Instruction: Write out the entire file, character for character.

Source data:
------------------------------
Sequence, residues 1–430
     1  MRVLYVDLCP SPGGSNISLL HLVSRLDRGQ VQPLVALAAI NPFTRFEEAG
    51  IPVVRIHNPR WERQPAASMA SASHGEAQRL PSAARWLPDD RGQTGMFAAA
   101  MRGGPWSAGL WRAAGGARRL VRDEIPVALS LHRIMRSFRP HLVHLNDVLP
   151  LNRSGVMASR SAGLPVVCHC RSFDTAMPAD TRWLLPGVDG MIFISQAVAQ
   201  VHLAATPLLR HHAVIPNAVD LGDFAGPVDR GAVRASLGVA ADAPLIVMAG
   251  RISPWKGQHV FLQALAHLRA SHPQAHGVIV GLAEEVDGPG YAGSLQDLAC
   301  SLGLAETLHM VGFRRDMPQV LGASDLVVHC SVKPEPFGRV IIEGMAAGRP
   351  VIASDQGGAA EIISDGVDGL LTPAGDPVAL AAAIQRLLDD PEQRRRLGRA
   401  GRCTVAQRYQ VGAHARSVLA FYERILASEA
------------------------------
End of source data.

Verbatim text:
Sequence, residues 1–430
     1  MRVLYVDLCP SPGGSNISLL HLVSRLDRGQ VQPLVALAAI NPFTRFEEAG
    51  IPVVRIHNPR WERQPAASMA SASHGEAQRL PSAARWLPDD RGQTGMFAAA
   101  MRGGPWSAGL WRAAGGARRL VRDEIPVALS LHRIMRSFRP HLVHLNDVLP
   151  LNRSGVMASR SAGLPVVCHC RSFDTAMPAD TRWLLPGVDG MIFISQAVAQ
   201  VHLAATPLLR HHAVIPNAVD LGDFAGPVDR GAVRASLGVA ADAPLIVMAG
   251  RISPWKGQHV FLQALAHLRA SHPQAHGVIV GLAEEVDGPG YAGSLQDLAC
   301  SLGLAETLHM VGFRRDMPQV LGASDLVVHC SVKPEPFGRV IIEGMAAGRP
   351  VIASDQGGAA EIISDGVDGL LTPAGDPVAL AAAIQRLLDD PEQRRRLGRA
   401  GRCTVAQRYQ VGAHARSVLA FYERILASEA